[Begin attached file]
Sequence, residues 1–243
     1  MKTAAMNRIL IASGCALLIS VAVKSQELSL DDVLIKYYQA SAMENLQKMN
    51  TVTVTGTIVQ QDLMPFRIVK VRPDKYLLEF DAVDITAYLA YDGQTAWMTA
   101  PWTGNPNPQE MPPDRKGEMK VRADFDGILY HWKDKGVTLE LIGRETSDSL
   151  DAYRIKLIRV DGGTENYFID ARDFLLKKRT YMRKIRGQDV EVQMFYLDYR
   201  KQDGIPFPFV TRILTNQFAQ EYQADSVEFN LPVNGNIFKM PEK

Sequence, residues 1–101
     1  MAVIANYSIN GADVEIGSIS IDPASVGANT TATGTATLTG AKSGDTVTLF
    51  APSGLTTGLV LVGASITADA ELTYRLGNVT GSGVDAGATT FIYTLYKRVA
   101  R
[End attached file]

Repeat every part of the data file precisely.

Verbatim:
Sequence, residues 1–243
     1  MKTAAMNRIL IASGCALLIS VAVKSQELSL DDVLIKYYQA SAMENLQKMN
    51  TVTVTGTIVQ QDLMPFRIVK VRPDKYLLEF DAVDITAYLA YDGQTAWMTA
   101  PWTGNPNPQE MPPDRKGEMK VRADFDGILY HWKDKGVTLE LIGRETSDSL
   151  DAYRIKLIRV DGGTENYFID ARDFLLKKRT YMRKIRGQDV EVQMFYLDYR
   201  KQDGIPFPFV TRILTNQFAQ EYQADSVEFN LPVNGNIFKM PEK

Sequence, residues 1–101
     1  MAVIANYSIN GADVEIGSIS IDPASVGANT TATGTATLTG AKSGDTVTLF
    51  APSGLTTGLV LVGASITADA ELTYRLGNVT GSGVDAGATT FIYTLYKRVA
   101  R